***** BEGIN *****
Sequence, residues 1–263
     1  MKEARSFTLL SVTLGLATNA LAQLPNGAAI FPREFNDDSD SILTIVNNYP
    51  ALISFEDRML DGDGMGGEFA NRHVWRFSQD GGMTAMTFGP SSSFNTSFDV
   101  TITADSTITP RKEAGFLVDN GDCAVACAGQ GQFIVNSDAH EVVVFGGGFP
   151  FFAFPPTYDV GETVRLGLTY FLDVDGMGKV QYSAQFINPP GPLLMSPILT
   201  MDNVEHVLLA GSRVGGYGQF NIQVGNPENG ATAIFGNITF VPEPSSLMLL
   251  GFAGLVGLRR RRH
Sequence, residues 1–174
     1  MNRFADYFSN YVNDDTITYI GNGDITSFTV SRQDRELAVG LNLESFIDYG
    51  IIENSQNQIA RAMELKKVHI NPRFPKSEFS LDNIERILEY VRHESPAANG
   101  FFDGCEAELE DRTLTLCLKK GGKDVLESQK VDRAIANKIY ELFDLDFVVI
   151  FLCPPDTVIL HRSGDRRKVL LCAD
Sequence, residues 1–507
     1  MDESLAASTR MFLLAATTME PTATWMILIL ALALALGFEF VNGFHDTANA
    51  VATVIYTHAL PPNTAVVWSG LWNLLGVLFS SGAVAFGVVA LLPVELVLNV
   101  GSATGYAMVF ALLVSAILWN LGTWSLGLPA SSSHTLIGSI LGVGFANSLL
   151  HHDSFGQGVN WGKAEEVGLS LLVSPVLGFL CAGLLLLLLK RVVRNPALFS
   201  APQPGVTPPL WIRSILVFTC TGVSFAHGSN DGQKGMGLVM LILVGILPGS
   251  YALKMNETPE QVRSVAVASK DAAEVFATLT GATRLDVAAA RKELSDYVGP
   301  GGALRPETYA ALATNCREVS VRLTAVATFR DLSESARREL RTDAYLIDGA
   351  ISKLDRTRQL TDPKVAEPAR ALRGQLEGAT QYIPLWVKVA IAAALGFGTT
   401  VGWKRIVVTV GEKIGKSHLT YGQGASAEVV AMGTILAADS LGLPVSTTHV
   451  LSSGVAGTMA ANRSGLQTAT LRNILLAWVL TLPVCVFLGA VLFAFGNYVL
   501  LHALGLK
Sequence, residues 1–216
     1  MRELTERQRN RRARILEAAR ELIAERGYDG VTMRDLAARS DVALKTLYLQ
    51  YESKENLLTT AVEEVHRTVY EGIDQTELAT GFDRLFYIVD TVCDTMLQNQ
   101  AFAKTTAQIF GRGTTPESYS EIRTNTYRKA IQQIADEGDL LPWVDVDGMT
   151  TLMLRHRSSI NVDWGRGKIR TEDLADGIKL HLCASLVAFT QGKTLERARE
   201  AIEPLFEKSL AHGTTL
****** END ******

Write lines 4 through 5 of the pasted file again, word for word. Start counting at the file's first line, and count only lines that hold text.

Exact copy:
   101  TITADSTITP RKEAGFLVDN GDCAVACAGQ GQFIVNSDAH EVVVFGGGFP
   151  FFAFPPTYDV GETVRLGLTY FLDVDGMGKV QYSAQFINPP GPLLMSPILT